Residents find new ways to get across Naperville quickly
CAthy Janek For The Sun October 13, 2012 10:48PM
Cathy Janek, Naperville Sun Transportation columnist.
Updated: November 15, 2012 6:08AM
For those of us who need to get from north Naperville to south Naperville or vice versa, our choices can be somewhat limited to say the least. Very few arterial roads exist — only Route 59, Washington Street and Naper Boulevard span the entire length of the city.
As a result, some residents are forced to develop their own circuitous routes through town to get to their destinations. Most of these inventive routes would never come up even as a third alternative route on Google maps, but they work nonetheless.
My own convoluted journey from south Naperville to the Lisle train station each day (to my much coveted parking space) includes traversing from Knoch Knolls Road, north on Washington Street and east on Bailey and finally to Wehrli Road. By taking this route, I was able to avoid large backups at traffic lights. Consequently, even though I was traveling at lower speeds on streets riddled with stop signs, my commute time was still shorter. And I was certainly not alone. Many other motorists use the same daily route to reach 75th Street and expressways east of Naperville.
The homes on Bailey became so familiar to me I began to remember holiday decorations year after year and took careful note of the status of home projects.
For those traveling north from Naperville’s far southwest side, Book Road and Naperville/Plainfield are possibilities only until 75th Street, where the roads end or turn into other roads, requiring drivers to consider other alternatives.
While somewhat reluctant to give away her commuting “secrets,” one southwest side Naperville resident who travels to the I-88 corridor each day commented that there is NO good north-south road.
“There never has been. I have lived in Naperville for 23 years — and the north/south was not planned well. We can’t all use Route 59,” she said.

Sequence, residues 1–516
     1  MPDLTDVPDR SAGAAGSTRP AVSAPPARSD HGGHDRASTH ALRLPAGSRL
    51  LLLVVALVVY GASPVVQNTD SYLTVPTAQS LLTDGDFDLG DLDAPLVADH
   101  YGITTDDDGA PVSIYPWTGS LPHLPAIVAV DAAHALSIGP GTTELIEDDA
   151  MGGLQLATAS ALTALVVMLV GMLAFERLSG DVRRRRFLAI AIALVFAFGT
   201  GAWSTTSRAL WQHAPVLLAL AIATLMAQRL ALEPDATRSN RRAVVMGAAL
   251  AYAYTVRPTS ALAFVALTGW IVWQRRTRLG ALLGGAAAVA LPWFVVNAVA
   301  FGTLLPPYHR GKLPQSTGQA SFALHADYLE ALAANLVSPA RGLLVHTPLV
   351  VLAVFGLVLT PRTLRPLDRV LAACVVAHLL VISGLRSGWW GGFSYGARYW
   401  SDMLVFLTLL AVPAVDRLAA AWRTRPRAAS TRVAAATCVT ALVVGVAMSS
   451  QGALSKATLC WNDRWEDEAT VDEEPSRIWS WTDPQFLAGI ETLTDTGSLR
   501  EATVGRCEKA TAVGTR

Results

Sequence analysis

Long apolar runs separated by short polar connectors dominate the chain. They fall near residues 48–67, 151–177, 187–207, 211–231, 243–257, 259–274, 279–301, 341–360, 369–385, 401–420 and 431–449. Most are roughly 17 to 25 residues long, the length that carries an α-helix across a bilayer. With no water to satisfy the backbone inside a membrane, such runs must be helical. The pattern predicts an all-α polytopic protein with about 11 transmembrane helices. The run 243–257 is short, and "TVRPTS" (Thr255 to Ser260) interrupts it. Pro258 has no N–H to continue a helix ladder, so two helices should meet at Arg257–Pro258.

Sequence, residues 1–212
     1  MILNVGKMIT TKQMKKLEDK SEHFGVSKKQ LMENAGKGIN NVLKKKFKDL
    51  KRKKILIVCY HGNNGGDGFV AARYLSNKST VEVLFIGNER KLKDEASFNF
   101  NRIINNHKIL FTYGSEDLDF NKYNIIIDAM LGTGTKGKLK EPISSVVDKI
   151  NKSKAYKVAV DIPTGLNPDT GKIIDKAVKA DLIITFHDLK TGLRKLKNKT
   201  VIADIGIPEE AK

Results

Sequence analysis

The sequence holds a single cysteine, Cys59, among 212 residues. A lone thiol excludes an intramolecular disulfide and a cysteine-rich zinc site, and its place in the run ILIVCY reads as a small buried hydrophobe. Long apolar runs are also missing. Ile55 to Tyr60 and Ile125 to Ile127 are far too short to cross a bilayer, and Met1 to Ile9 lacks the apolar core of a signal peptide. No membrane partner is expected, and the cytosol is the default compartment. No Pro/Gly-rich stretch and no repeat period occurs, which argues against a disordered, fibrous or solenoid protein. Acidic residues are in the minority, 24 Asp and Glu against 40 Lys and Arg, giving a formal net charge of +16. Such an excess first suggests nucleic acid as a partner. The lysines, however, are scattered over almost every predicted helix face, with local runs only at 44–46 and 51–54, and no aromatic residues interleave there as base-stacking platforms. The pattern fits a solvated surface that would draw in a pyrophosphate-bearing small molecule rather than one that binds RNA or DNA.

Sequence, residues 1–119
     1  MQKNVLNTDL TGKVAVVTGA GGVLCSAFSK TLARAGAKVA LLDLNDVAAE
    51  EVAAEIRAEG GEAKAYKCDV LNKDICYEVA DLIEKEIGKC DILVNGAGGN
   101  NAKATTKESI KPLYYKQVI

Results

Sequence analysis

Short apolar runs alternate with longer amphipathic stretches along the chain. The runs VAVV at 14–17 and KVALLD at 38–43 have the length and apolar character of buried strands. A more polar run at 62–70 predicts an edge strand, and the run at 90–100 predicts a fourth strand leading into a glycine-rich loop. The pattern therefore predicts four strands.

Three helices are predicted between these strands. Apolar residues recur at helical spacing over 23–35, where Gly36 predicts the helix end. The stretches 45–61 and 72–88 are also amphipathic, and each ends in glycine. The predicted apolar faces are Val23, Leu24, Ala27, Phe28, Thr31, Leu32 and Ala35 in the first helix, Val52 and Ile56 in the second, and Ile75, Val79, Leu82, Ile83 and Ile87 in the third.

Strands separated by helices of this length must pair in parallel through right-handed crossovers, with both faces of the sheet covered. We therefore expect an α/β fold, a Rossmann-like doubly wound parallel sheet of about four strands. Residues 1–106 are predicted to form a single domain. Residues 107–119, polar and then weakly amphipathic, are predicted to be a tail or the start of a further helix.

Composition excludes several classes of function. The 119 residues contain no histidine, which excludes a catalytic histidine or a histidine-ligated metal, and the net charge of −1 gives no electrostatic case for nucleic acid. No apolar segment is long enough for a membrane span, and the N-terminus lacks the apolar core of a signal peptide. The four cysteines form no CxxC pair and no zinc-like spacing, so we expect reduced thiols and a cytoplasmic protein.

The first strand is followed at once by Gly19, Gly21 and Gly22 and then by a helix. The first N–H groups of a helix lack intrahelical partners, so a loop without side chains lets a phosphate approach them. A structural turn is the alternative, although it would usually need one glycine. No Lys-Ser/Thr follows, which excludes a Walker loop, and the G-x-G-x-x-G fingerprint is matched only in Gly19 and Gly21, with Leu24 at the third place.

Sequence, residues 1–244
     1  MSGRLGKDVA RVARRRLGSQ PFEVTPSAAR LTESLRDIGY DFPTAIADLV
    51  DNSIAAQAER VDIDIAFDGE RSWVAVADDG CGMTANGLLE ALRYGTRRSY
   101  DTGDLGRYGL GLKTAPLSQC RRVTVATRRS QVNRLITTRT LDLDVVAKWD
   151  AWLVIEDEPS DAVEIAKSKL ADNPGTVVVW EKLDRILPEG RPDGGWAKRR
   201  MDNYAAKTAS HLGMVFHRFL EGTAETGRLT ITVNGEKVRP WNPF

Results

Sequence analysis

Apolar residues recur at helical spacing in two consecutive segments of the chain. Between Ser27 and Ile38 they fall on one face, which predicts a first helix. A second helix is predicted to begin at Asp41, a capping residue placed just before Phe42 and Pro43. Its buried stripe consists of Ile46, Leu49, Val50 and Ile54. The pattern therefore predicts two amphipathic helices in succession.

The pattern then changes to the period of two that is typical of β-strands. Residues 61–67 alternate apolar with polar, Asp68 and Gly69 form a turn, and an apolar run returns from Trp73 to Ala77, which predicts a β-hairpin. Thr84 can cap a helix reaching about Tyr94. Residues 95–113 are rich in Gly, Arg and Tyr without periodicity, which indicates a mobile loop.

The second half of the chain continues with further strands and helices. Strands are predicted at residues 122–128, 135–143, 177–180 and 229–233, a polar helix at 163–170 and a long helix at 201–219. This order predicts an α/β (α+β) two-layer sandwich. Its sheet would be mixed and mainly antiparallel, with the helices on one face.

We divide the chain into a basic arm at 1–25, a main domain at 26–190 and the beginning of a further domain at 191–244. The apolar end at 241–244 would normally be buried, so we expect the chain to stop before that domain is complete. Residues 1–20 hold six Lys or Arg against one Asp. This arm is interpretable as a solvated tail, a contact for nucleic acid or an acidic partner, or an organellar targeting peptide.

Her serendipitous route follows Book Road until it ends at Rickert. She then travels through Whispering Hills subdivision, where she undoubtedly faces a traffic circle or two that were installed by the city over a decade ago to discourage drivers from using the subdivision streets as a “cut-through.”
Meandering along Whispering Hills Drive, she makes a serious of lefts and rights before arriving on Mill or Washington. “Depending on the time of day (school traffic at Naperville North), I either make a left on Mill or on Washington,” she said.
This route is probably not what our city’s planners envisioned for commuters when they considered the development of Naperville. Councilman Kenn Miller stated that Naperville’s city forefathers didn’t realize that Naperville would grow so large and at such a rapid pace, especially south of 75th Street. He noted that he first became involved in local government in 1996 to address issues related to the rapid construction growth.
“It is unfortunate that Washington Street handles so much rush hour traffic that bottlenecks in our downtown area,” Miller added.
Naperville resident Ryk Koscielski’s commute to Alcatel-Lucent at the corner of Warrenville and Naperville Roads varies greatly depending on the time of the day. Living along Book Road since 1992, he has come up with different plans.
“In the morning, the traffic to Neuqua Valley can back all the way up to my driveway (which is more than one-half mile from 95th Street),” he said.
Just getting in and out of his driveway can be a challenge Koscielski said. He frequently takes an intricate journey through Naperville, passing through different subdivisions and north Naperville residential neighborhoods before reaching Lucent Lane. Other times he uses Modaff north to Gartner to serpentine over to Naper Boulevard.
Recently, the City Council voted against allowing restrictions to be placed on Washington Street southbound motorists who use residential streets to avoid the traffic light at Washington Street and Ogden Avenue. The request for restrictions was put forth by residents of the neighborhood northwest of Washington near Ogden.
Undoubtedly, as the population of Naperville continues to swell and traffic-related problems increase, the city will have the balancing act of meeting the needs of both residents and motorists.